How to Become an Editor

If you’re the type of person that sees typos everytime you read, you could become an editor.

You’d be surprised to find that an editing gig can blossom into a career and eventually, a business. You’ll find opportunities everywhere for this in-demand field.

But first let’s talk about what an editor does, different types of editing, and the steps to becoming a successful editor. In a few minutes, you’ll have a better understanding of how to become an editor and if it’s the right job for you! 

What Does an Editor Do? 

Make no mistake, an editor does so much more than just fix grammatical errors and typos.

They’re responsible for taking the writer’s work and making it presentable to the entire world. Editors work with writers to improve their writing and transform their work into its best possible version.

This can mean rephrasing a couple of sentences, offering feedback, and in some cases, restructuring the entire piece.

No matter what type of editor you become, the job requires the following:

  • An above-average eye for detail and a respect for deadlines
  • The ability to refine and maintain the author’s voice
  • Editing in a way that achieves the purpose of the piece
  • Ensuring that the audience understands the text

With these skills, your job is to make sure the writer’s best work is going out into the world. Editors perform many duties, such as:

  • Layout revision and organization
  • Fact-checking
  • Consistency in the document’s formatting and style

After tightening and sharpening the quality of the content, they’ll approve the final piece and send it off to the client. The demands of the job vary depending on the type of editor you’d like to become.

Next, let’s talk about the different areas of editing and the type of editor you might want to be.

Areas of Editing 

As an editor, you could work on many types of content. This all depends on your niche and the areas you’re passionate about.

Are you interested in editing articles for magazines? Complete manuscripts? Or do you enjoy staying up to date with what’s going on around the world and want to be a news editor?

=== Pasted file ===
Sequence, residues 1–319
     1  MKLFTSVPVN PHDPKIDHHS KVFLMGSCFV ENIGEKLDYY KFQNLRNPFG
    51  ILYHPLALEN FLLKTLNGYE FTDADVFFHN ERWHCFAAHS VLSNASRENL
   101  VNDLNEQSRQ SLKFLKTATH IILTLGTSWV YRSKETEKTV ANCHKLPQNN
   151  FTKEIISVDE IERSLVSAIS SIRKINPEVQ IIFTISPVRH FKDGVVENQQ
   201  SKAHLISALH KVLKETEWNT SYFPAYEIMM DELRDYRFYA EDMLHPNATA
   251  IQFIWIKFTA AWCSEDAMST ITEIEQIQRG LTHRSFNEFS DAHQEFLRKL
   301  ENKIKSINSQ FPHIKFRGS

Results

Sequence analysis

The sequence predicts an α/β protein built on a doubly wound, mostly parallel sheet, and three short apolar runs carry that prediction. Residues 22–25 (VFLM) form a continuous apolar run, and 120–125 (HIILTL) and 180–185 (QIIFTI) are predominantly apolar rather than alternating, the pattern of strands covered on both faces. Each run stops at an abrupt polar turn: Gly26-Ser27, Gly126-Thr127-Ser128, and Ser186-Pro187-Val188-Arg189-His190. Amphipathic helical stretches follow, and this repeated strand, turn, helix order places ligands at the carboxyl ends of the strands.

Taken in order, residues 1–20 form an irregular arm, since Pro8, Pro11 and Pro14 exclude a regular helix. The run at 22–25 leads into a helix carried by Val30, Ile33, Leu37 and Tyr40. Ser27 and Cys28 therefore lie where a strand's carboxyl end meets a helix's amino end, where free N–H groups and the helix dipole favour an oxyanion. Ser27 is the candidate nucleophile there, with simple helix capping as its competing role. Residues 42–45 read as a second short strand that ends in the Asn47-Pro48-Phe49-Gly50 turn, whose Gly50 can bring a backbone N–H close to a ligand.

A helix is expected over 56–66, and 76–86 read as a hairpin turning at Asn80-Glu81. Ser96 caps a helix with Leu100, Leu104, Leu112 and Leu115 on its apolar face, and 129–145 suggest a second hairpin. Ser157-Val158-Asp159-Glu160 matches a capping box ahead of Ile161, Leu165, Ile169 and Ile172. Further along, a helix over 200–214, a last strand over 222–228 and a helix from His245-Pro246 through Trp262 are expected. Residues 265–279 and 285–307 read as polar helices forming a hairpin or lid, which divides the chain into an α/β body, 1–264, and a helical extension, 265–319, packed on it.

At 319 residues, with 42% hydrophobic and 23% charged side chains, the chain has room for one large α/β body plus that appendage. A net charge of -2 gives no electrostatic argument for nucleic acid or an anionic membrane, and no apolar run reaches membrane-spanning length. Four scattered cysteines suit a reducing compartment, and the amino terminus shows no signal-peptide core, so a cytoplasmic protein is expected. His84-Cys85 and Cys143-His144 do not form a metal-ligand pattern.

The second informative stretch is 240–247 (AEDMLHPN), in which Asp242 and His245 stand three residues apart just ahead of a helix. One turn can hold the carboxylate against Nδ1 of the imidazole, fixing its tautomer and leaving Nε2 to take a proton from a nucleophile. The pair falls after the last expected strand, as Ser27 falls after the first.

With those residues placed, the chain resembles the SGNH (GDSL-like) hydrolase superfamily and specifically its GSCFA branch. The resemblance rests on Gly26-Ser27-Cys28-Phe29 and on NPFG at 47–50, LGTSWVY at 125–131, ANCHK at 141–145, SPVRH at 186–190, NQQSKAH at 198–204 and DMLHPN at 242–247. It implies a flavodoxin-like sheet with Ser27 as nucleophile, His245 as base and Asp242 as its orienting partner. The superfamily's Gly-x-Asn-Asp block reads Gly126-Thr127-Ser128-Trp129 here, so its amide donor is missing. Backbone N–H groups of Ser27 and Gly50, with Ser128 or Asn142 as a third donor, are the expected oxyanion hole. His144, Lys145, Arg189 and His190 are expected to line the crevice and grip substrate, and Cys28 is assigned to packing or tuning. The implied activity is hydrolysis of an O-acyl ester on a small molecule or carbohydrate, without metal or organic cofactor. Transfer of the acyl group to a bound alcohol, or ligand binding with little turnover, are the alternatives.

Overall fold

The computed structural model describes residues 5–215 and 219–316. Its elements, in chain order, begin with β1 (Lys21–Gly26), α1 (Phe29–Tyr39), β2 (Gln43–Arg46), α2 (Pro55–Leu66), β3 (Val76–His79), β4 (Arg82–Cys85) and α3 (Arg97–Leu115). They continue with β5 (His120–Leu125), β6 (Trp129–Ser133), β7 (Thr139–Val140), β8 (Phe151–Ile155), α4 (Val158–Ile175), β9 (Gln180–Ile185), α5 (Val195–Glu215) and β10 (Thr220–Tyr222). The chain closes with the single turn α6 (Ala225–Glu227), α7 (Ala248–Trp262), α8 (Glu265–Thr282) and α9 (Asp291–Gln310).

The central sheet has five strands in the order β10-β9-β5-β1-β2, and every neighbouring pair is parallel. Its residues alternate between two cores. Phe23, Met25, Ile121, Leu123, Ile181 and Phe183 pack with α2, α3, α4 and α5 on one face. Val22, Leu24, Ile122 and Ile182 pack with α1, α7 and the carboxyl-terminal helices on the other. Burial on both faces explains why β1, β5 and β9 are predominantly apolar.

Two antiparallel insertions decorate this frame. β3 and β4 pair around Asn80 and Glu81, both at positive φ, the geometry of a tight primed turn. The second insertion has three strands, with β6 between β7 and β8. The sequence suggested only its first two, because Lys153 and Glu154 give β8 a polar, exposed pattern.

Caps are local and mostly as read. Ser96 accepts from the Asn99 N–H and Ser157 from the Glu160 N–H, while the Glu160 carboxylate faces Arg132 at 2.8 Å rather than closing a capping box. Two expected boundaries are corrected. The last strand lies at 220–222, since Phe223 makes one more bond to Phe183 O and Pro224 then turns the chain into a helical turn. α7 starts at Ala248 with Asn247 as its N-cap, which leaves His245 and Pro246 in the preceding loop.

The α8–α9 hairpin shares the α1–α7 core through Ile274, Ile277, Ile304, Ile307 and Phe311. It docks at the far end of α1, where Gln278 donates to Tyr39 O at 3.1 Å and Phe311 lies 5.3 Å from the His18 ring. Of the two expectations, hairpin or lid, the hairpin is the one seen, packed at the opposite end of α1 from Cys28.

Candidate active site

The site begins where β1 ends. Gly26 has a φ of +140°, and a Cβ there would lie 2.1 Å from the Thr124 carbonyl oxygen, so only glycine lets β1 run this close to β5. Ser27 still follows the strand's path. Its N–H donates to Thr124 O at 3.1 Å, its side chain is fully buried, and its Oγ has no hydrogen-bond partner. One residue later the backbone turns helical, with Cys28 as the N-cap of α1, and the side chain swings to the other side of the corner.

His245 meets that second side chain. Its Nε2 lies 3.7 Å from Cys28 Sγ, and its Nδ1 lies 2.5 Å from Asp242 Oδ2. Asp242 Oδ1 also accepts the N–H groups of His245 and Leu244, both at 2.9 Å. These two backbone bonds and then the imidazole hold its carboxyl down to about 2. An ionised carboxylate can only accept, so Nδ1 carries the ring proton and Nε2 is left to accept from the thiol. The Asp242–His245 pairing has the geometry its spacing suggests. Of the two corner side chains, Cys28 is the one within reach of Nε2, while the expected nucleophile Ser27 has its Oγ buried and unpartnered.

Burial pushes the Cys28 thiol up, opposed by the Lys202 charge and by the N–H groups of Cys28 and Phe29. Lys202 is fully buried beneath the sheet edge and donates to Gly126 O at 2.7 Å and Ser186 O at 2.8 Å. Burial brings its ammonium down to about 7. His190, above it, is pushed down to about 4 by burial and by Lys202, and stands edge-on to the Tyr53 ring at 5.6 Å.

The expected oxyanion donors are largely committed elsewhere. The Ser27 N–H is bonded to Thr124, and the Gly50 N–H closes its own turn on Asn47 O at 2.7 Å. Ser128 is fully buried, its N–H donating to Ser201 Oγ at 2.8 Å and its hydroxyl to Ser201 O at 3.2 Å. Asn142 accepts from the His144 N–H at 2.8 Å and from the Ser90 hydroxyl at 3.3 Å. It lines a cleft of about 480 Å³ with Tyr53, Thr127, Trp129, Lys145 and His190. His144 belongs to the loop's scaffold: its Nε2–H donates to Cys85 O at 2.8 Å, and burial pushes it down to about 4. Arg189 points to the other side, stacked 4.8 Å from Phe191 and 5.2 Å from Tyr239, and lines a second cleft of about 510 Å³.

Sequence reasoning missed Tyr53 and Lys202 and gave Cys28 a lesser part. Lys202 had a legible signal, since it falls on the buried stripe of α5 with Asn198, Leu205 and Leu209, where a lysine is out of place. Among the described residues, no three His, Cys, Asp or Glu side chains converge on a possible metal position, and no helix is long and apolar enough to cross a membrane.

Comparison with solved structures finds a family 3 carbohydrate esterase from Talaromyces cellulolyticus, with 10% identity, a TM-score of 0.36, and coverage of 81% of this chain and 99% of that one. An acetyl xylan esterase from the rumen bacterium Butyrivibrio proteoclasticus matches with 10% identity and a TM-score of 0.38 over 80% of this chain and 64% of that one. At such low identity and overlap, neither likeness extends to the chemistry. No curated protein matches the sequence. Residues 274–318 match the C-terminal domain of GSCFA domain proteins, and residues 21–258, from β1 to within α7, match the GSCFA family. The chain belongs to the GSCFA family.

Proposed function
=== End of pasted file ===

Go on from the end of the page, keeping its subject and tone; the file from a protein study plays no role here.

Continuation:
Not quite sure? Here are a few different types of areas of editing that you’ll want to consider: 

Book Editor 

Book editing is the most intense area of editing.

You can expect to work with large, full-length manuscripts of 50,000 words or more. As a book editor, you’ll have a huge range of projects to choose from. These can be storybooks for children, adult contemporary fiction, or non-fiction works.

This area of editing is extremely rewarding. Not only will you directly influence the literary world, but this type of work will look amazing on your resume. While it’s a very rewarding niche, it’s also a major commitment.

You have to develop an ability to read a lot of words, stay sharp and maintain an eye for detail.

Before you jump into a book editing career, make sure you’re well versed in the world of writing, editing, and publishing. This is a challenging field, and you want to be as prepared for it as possible. 

News Editor

These types of editors focus on news and magazines. Most pieces range from 1,000 – 2,000 words. This means you’ll get through each assignment fairly quickly and get to see several different articles each day.  

To be a news and magazine editor, you want a degree in journalism or communications.

An internship is a great way to get your feet wet and make personal connections with individuals who can mentor you throughout your career. If you enjoy staying up to date with the news and what’s going on in the world, this is the career choice for you.